High Comedy 

High Comedy 
Posted by CN Staff on June 17, 2003 at 17:26:06 PT
By Michael Wallach
Source: American Prospect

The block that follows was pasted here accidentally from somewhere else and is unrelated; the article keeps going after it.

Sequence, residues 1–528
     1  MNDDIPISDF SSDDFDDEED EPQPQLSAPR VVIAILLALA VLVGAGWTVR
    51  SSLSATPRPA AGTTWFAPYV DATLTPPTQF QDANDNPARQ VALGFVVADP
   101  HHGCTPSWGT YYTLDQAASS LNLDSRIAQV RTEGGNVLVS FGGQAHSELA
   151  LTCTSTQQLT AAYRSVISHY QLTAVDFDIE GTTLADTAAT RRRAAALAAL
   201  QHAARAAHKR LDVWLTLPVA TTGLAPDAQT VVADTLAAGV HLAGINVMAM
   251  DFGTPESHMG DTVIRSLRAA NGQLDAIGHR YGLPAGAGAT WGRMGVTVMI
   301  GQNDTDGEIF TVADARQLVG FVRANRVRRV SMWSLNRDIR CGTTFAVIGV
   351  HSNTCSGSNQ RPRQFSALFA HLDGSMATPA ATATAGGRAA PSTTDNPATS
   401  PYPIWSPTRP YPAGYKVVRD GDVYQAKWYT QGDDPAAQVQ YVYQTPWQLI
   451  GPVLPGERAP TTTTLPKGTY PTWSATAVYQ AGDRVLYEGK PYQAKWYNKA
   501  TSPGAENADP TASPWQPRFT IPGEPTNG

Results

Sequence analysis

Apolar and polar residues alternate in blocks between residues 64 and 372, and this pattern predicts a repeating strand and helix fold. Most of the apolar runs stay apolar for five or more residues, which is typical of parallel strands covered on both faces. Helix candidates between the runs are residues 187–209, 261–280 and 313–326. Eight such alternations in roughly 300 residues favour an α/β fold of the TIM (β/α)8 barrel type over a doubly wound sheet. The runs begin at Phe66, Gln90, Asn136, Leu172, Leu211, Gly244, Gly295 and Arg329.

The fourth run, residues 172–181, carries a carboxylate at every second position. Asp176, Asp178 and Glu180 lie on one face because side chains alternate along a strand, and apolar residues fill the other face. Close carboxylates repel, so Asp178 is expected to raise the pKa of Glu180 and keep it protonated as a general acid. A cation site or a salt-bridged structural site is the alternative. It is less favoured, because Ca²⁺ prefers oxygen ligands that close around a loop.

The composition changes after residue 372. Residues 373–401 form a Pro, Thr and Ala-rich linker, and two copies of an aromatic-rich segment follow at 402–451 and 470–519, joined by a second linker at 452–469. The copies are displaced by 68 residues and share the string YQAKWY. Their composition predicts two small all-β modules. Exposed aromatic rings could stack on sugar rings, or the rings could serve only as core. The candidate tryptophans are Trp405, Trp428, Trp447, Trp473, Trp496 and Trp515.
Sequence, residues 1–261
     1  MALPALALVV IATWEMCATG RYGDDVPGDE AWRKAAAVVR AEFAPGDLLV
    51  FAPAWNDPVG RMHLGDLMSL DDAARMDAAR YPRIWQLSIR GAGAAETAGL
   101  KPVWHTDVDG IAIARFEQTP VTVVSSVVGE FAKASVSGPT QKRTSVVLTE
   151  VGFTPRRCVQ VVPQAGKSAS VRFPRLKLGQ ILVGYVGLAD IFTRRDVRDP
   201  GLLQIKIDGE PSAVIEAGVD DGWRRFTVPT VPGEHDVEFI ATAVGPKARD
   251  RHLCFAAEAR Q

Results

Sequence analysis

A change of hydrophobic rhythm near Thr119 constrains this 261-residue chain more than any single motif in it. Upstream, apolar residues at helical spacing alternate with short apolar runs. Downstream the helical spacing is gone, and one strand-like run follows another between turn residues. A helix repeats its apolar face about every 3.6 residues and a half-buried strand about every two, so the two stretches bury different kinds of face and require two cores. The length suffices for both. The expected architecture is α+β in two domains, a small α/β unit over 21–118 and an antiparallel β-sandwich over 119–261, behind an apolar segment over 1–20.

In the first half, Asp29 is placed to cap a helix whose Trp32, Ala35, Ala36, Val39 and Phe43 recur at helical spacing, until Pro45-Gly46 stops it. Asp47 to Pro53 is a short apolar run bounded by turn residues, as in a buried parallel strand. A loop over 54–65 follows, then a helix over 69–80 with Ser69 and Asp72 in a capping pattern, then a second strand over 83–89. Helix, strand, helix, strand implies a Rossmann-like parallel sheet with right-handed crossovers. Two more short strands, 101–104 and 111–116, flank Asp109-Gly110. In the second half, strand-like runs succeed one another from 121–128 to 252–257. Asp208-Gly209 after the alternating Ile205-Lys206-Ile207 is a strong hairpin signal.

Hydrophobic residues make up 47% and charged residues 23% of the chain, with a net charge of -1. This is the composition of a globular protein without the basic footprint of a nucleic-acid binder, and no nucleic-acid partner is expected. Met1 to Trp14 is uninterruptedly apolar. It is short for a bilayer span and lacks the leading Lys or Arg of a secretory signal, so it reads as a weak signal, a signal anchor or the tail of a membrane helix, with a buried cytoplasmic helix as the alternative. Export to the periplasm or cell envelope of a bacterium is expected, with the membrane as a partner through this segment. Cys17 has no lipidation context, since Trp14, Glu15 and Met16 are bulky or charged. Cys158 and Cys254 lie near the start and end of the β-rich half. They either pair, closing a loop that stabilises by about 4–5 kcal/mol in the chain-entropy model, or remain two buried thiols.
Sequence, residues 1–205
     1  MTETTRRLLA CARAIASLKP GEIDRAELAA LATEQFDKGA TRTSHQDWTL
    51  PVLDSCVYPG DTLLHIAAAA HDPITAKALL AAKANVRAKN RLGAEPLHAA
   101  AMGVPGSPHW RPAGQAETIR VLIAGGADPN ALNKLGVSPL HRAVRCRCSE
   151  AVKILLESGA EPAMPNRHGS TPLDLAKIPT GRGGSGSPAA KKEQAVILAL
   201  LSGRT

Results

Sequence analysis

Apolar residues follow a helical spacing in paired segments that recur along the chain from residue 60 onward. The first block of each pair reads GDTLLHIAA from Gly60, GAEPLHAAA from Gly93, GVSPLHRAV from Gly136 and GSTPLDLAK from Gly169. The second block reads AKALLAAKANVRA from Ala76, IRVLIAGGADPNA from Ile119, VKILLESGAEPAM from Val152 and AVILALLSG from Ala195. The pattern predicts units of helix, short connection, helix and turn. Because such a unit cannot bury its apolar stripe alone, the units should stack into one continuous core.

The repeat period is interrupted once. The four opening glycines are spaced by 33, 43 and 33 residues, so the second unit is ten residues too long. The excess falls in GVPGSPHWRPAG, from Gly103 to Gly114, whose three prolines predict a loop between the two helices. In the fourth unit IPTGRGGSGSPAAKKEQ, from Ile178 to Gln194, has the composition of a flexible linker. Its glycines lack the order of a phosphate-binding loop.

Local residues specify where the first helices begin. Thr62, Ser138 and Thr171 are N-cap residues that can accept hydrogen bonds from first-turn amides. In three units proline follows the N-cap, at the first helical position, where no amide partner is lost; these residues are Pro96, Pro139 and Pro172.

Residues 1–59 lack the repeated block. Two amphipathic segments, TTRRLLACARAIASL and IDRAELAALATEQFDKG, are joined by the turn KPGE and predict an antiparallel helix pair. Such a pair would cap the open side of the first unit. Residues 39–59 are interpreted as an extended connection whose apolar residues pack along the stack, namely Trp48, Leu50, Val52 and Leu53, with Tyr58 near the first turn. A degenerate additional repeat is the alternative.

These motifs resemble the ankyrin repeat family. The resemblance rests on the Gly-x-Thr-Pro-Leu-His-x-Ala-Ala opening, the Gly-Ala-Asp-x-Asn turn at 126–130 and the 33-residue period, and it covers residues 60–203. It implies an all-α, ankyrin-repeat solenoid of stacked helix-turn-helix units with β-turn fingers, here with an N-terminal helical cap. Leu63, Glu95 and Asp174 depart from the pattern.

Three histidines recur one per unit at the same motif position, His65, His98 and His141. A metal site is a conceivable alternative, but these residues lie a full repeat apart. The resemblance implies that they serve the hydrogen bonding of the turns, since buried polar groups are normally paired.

Remember the ads that first aired during the 2002 Super Bowl alleging that drug sales help fund terrorism? Never mind the continuing strength of al-Qaeda, the ads seemed to say, or how that organization might benefit from a U.S. attack on Iraq: It's those evil pot smokers who are threatening America. Anti-drug ads have continued to play the terrorism card for the last 18 months. And now Congress is looking to make sure that such ads continue.